Seattle University's student newspaper since 1933

The Spectator

Seattle University's student newspaper since 1933

The Spectator

Seattle University's student newspaper since 1933

The Spectator

Moe’s to Neumos: A Venue stands the Test of Time

The smell of late night Seattle street dogs, rainbow crosswalks, eccentric fashion and assortment of coffee shops that aren’t all Starbucks are all elements that capture the essence of of Seattle’s Capitol Hill neighborhood. In the constantly changing city landscape, there is one venue that has stood the test of time for over two decades: Neumos.

It has become iconic in Seattle’s music scene, hosting genres from EDM to rap (throwback to Macklemore’s free concert a couple years back), and can be recounted in the college experiences of Seattle University students through the years.

However, not many people know that Neumos is actually “New Moe’s” and that the original venue was opened in 1994 as Moe’s Mo’Roc’N Café by Jerry Evercare. The venue has hosted greats such as Radiohead, Neil Young, No Doubt and Pearl Jam—tokens of a 90s grunge and rock movement long past.

Jason Lajeunesse, a co-owner and talent buyer who helped reopen Neumos in 2004, explained how he has seen the evolution of both the venue and local community.

“The neighborhood was considerably different. There wasn’t much where we were, with the exception of a handful of staples like The Comet, The Wild Rose and Barca,” Lajeunesse said. “When we opened, artists and musicians could still afford to live in the neighborhood and that’s whom the regulars were made up of. We still have those people performing and working with us, but, the clientele has broadened considerably and we see people from all over the region and the world visiting us.”

Steve Migliore, a radio host on rock station KISW’s BJ & Migs, was initially drawn to move to Seattle in pursuance of the grunge scene, being especially inspired by the famed 1996 Pearl Jam concert featuring Neil Young.

“I moved out here in 1997, so this was before Neumos was a club. I remember when it was called Moe’s,” Migliore said. “I was a huge Pearl Jam fan and when I moved out here I said ‘I gotta check this place out.’ At that time, Pearl Jam was one of the biggest bands in the world playing in a small venue.”

Since being relaunched, the venue has hosted a wide variety of musicians including Adele, Muse, Jack White, MGMT, The Shins, Diplo and Vampire Weekend. Lajeunesse states that live, quality performances from every genre forms the basis of what Neumos has to offer.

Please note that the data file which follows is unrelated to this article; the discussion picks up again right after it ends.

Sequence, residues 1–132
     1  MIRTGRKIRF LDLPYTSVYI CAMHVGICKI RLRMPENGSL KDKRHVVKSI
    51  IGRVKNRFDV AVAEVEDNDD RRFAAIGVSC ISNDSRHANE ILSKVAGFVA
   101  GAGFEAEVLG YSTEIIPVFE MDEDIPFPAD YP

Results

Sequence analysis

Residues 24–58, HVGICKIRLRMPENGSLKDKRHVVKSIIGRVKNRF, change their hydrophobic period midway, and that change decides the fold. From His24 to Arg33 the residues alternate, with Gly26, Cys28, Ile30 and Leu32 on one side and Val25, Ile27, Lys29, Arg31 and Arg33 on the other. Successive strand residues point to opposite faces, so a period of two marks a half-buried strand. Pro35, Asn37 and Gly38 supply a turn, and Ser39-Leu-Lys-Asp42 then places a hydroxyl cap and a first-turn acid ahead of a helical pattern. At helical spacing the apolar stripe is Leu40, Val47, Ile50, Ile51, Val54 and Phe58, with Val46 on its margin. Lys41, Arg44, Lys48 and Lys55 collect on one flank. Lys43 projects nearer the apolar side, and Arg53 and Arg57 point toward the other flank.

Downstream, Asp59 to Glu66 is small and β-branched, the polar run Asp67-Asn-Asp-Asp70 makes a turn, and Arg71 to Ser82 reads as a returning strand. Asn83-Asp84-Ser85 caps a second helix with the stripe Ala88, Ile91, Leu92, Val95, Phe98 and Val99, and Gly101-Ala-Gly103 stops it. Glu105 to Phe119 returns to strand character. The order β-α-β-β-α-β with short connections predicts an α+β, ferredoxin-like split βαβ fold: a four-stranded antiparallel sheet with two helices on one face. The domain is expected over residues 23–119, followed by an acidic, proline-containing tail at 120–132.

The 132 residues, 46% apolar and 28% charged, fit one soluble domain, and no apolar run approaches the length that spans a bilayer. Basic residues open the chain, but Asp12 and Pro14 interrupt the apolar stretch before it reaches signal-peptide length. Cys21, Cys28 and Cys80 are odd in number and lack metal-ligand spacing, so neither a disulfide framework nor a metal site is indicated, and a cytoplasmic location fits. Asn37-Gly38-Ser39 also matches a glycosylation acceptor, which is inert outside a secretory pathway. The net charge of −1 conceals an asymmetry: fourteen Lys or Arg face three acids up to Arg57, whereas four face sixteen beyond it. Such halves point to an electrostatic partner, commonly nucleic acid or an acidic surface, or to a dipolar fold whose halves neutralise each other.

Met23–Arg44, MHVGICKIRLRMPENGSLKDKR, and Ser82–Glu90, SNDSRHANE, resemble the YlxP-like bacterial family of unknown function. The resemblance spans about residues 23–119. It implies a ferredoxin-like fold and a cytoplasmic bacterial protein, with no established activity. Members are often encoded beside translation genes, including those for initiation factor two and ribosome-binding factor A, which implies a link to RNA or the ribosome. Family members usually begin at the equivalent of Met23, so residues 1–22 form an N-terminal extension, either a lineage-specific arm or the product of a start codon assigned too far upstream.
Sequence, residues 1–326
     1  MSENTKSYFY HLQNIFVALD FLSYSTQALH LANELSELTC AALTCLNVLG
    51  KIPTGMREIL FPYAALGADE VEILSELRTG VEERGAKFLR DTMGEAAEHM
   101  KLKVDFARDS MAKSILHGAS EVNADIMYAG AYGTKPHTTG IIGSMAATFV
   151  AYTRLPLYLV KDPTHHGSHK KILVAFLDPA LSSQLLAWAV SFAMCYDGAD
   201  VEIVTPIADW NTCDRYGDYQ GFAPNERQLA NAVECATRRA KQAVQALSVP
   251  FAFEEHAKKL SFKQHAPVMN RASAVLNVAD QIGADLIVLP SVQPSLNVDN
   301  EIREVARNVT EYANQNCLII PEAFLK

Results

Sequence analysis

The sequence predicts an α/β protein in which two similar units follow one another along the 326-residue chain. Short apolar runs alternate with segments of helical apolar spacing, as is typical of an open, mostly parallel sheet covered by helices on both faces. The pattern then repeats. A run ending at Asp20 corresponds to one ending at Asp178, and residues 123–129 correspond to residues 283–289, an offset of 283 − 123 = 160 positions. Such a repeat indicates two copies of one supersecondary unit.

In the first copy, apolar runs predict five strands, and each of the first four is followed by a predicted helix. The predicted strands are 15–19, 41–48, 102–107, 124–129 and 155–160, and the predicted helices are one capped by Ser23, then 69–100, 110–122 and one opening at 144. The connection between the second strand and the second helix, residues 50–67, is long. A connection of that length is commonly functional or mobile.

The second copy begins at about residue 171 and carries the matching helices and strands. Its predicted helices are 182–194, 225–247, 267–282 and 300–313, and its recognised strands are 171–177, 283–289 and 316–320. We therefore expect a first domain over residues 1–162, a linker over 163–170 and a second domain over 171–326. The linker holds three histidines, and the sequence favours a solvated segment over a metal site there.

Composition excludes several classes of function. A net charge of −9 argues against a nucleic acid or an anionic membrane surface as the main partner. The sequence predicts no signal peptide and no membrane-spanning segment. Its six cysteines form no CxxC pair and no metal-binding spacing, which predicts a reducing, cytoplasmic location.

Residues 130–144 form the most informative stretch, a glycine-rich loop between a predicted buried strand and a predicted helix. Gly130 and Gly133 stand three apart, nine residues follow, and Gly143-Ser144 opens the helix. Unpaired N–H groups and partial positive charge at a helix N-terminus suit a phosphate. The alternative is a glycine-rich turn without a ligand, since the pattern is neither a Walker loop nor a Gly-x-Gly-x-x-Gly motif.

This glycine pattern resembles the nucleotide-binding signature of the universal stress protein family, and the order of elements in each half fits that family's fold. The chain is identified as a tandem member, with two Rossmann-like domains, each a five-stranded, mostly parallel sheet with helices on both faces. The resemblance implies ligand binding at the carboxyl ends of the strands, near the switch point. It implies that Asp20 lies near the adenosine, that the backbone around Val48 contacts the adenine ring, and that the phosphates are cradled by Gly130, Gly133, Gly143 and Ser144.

“We work with all genres of music, with a focus on indie rock, hip hop, electronic, punk and metal. While we continue to bring new themed events and programs to the businesses within our building, the live music will continue to be the backbone of what we do,” Lajeunesse.

Migliore observed the music evolution firsthand with his band Peter Parker, even practicing and performing with the band Harvey Danger, famed for their 90s hit “Flagpole Sitta.”

“I’d say it’s more eclectic now,” Migliore said. “You had your punk bands and your rock bands, loud and rock-dominated. You slowly started to get more alternative pop bands coming in. We played with Death Cab for Cutie and Harvey Danger.”

Blake Matthews, a native Seattleite and musical blogger who networks with local musicians, shared his own experience with the more recent musical progression of Neumos.

“One of the first times I visited Neumos for a music show was in 2008, for Lykke Li. I was super into that Drake song ‘Little Bit’ that featured her vocals on his tape ‘So Far Gone.,” Matthews said.

Matthews believes that though Neumos has come far from its roots as Moe’s, it will continue to have a significant musical presence in Seattle’s community.

“You’ll find many artists, local and domestic, trying to crawl into new music spaces and styles because the focus isn’t on a specific genre anymore. Neumos will continue to be a staple in the CH neighborhood and will probably not be affected. I’ve seen everything from rap, to alternative rock, to neo soul here,” Matthews said. “While Neumos may not fit every demographic out there, it will always have two sides of the spectrum and I think they will always have the upper hand in being the most musically forward.”

Migliore is optimistic about Neumos’ future, referencing the venue as an excellent place for musicians to perform.

“They’re in such a prime location Capitol Hill,” Migliore said. “They seem to be the center of Cap Hill! It’s a great sounding room, and it’s a room where even if you don’t fill it up it won’t be embarrassing. You could fill up the venue and feel like you’re a rockstar. It’s crazy to think it’s a historic club now…it’s great for those mid-level bands who have gained some attention as well.”

Lajeunesse is confident that Neumos will continue to play a role in sustaining Seattle’s music scene as musical interests continue to shift and change.

“Ultimately Seattle has changed, but it’s still a city that supports and appreciates good music. I think Neumos has created a consistent cornerstone for music in both our neighborhood and city,” Lajeunesse said.

Furthermore, Lajeunesse believes that Neumos has cemented itself as a diverse venue that has grown to reflect the changing audiences and interests of today’s music industry.

“We will have been a live music venue for more than two decades as Neumos, and this time compounded with the period of the 1990’s has and will continue to solidify us as a legacy venue, as long as we continue to deliver quality bands and experiences for the fans and the musicians themselves.”

The editor may be reached at [email protected]

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